Fordham Notes: For Some Business Students, One-Year Masters are the Right Fit

Monday, March 8, 2010

For Some Business Students, One-Year Masters are the Right Fit


When Mitchell Suter graduated from the University of Michigan with a degree in economics last May, some would say he was in the thick of it.

“Let’s face it – I graduated amid the [economic] turmoil,” he said. “I knew I wanted to work in financial services, but it wasn’t a good time as far as the job market.”

Suter (pictured right) began looking at graduate programs as a way to gain an extra advantage before hitting the job market. While a Master’s in Business Administration would be nice, it would also entail more time and money than he wanted to invest. So he found something more specialized – a one-year Master’s of Science in Quantitative Finance degree at Fordham. The program offers a sharper focus on finance theory and quantitative methods.

According to an article that ran in the Wall Street Journal in December, “more students are looking to business schools for shorter and more focused alternatives to the M.B.A., with in-depth education in everything from science of management to international finance.”

Schools are beefing up the specialty programs they already offer and adding more to keep up with the increased demand, the article said.

Fordham’s Graduate School of Business Administration saw this trend coming. Two years ago, it debuted a Master of Science in Quantitative Finance.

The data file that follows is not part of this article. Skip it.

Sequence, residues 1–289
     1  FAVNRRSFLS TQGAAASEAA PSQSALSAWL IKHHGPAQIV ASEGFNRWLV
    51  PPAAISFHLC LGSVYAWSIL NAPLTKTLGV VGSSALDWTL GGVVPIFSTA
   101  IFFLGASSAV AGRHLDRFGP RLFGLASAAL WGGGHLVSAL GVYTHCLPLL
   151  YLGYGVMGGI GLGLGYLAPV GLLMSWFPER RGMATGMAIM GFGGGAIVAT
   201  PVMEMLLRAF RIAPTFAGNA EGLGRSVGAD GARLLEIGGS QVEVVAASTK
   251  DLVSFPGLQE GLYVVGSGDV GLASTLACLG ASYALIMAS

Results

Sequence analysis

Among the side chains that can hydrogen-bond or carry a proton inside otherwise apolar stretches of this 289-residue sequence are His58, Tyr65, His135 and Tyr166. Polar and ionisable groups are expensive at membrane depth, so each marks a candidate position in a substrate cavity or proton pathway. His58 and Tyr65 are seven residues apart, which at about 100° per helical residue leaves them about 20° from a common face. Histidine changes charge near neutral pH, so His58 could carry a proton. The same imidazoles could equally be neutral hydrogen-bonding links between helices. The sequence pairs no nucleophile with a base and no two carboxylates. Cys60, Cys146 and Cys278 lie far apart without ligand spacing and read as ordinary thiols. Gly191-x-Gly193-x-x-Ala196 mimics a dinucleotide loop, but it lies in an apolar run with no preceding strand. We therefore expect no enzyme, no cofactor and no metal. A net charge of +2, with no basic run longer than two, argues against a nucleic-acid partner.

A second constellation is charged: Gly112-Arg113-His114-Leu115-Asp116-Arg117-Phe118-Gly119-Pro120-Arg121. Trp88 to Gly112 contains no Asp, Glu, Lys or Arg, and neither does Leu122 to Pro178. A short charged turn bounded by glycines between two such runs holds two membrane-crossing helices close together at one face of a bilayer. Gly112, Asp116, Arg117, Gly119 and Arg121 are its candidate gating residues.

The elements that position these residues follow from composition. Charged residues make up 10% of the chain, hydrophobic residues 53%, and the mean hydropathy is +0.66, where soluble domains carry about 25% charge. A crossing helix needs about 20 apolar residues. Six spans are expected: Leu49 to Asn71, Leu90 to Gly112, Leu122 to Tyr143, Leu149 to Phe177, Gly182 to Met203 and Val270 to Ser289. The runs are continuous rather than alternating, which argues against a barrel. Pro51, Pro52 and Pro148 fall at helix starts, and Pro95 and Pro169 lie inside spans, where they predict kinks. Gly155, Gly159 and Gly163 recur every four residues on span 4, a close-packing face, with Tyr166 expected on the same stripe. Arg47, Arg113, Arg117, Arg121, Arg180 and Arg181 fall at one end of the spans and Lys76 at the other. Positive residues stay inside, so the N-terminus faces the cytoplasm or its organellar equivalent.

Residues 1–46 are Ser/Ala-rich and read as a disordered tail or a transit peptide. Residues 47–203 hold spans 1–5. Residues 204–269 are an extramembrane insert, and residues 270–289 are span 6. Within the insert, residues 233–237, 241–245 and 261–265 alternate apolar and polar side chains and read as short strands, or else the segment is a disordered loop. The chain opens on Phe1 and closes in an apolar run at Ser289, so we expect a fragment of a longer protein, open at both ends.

Suter said the program was just what he needed.

“It is a one year degree, which saves me on cost and lost earnings,” he said. “It’s also specialized, so it caters to those who have a good idea of what they want to do.”

Suter said he intends to find a job in financial services that will make the most of the quantitative tools he picks up at Fordham. The degree will give him more to bring to the table at interviews, he said.

“If a recruiter sees that I’ve taken twice or three times the course in finance than the next candidate, then it’s going to make me an attractive candidate,” Suter added.

But first, he’ll have to endure the curriculum, which he called “not for the faint of heart.”

“It’s very intense here at Fordham, basically you are getting two years worth of education in one year,” Suter said. “We find ourselves in our cave seven days a week.”

Gautam Goswami, Ph.D., associate professor of finance, is director of the program.

Sris Chatterjee, Ph.D., associate professor and area chair of finance of finance and economics, said the MS in Quantitative Finance offers “hands on learning for students.”

“What people need today in this competitive environment is more specialized training,” Chatterjee said. “Students gain the quantitative tools they can use to solve complex financial problems, such as asset pricing and risk management.”

The program has proved successful and not just for graduates. Many MSQF students supplement their coursework by joining internships at companies, including Wachovia Securities, Standard and Poors, Alliance Bernstein, Morgan Stanley and Citizens Bank.

The MSQF is also an “excellent compliment” to the MBA, Chatterjee said.

For more information on other specialty programs offered at the Graduate School of Business Administration, visit the school’s Web site.

-Gina Vergel

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